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Delroy Smellie Verdict

Judging by the various comments on the Twitter hashtag #Smellie I’m not the only one who is less than impressed with the not guilty verdict handed down by District Judge Daphne Wickham.

Quite what signal this sends to the Police I am not sure.  Whatever it may be I doubt it’s a good one.  It appears to legitimise coppers belting people with batons because that doesn’t count as assault.  I know what signal it sends to the public: police can belt you with their batons and there isn’t a damn thing you can do about it because you don’t matter.

I’ve got a laser printer roller in my spares box.  A metal core with a rubber outer, about 15 inches long.  If I go out and belt a copper (or anyone else) with it what’s the betting I’ll end up getting sentenced?

Remember that it was only when video footage of the assault incident went viral via The Guardian, YouTube and social networks that an investigation was started.  We are now a year on from the G20 protests.

The BBC report above mentions that

The Independent Police Complaints Commission said Sgt Smellie could still face police disciplinary action.

But Dave Hill’s London Blog puts that point firmly into context:

Despite numerous IPCC investigations, no officer has faced serious disciplinary action and none have been successfully prosecuted.

That’s right, not one. So how’s your confidence in the system one year on?

This is a photo of Sgt Smellie just before the assault incident.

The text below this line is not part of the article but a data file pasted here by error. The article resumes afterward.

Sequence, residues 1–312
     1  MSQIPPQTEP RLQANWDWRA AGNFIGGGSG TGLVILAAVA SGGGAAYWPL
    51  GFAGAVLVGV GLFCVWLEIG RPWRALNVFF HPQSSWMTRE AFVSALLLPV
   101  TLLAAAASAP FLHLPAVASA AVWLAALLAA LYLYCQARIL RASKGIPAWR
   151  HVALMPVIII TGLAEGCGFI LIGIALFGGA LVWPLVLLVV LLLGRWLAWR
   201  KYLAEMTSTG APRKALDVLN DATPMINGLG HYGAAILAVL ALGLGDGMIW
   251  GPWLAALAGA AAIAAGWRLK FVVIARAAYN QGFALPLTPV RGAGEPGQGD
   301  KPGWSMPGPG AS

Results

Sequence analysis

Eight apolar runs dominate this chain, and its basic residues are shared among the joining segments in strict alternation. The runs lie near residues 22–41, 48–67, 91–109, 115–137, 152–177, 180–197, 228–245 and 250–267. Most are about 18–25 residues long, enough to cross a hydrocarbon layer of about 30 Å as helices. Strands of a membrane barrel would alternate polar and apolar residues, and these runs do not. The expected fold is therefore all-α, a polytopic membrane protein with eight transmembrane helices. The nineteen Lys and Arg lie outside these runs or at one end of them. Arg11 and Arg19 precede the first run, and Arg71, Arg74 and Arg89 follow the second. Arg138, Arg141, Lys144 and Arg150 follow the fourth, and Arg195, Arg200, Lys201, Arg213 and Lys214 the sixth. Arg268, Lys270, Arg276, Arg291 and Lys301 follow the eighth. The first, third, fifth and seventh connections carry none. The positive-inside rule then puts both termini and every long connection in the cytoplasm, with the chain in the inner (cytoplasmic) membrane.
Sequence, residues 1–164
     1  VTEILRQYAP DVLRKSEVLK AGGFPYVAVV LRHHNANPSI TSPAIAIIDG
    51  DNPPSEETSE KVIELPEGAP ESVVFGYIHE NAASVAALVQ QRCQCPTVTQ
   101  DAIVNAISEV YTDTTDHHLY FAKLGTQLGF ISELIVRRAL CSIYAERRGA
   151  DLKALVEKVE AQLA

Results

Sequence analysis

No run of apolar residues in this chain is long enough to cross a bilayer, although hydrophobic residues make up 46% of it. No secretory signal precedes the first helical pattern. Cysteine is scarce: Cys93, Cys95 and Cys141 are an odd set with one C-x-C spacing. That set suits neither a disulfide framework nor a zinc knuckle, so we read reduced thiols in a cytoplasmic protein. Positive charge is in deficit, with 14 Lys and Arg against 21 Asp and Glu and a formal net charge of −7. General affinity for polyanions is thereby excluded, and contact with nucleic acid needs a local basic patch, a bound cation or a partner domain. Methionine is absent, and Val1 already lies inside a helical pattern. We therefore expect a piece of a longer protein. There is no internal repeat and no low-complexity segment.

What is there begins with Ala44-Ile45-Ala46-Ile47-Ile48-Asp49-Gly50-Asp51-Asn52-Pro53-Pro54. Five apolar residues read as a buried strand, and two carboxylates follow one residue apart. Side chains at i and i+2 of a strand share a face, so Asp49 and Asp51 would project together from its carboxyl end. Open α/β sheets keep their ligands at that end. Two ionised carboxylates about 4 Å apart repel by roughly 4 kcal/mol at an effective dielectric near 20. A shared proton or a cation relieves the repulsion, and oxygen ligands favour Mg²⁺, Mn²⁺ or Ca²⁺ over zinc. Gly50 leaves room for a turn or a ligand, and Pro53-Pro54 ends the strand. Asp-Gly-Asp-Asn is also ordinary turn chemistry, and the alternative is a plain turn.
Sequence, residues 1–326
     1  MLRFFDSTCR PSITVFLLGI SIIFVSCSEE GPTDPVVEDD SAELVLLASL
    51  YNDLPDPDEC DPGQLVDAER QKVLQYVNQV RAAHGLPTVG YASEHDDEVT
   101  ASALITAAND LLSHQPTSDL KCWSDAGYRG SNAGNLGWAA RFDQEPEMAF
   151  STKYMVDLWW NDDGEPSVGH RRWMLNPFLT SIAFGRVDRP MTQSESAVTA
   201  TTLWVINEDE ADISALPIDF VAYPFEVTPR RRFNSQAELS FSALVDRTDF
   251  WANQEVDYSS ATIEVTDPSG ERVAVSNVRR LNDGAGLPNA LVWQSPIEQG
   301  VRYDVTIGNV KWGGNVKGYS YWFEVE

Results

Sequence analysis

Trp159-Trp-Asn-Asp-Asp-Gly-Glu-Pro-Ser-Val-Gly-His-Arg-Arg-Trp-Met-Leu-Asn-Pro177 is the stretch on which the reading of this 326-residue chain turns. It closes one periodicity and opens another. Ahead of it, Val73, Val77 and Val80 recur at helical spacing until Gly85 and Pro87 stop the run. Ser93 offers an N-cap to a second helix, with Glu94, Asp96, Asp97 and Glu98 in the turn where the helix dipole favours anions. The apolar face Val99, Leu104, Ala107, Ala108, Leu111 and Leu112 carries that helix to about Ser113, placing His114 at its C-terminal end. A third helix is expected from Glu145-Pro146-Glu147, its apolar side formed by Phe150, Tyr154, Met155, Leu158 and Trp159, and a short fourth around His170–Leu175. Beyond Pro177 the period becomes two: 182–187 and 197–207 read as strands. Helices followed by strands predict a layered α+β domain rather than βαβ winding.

This is a photo of the immediate aftermath of Sgt Smellie’s baton use on the protester who was armed with nothing more than an orange juice carton.  Are orange juice cartons now classed as offensive weapons?  If so then I’ve got three offensive weapons in my fridge.

Guy Aitchison pointedly asks “Is this assault?” – See the video footage for yourself. Then read the second comment.  Very profound.

Then there is my own satirical take on the G20 policing, uploaded on April 20th 2009 – that’s last year.  The question now must be is it satire or is it the truth?

When the reporting of the trial mentioned testimony in Sgt Smellie’s defence that he was “an extremely good officer” I was immediately reminded of the Blake’s 7 episode Trial.

Space Commander Travis (one of the bad guys) is put on trial.  It’s a show trial to silence him but just because he’s gone mad doesn’t mean he’s stupid.  He manages to make the opening statement to try and unsettle the judges and garner some support for his defence.  Here’s part of that statement here (click the link below to play).  I wonder if something like this was said at Sgt Smellie’s trial…?

Blake's 7 Season 2 - Trial extract

Cynical? Moi?

In this case you’re damn right.

** Blake’s 7 was created by Terry Nation and the copyright is owned by the BBC.  I intend no copyright infringement, I am merely highlighting the writer’s prescience in giving Travis lines which may well have been said (or something similar) in this case.**

Published inethicsInternetlack of CluePolicingsocial mediasurveillance state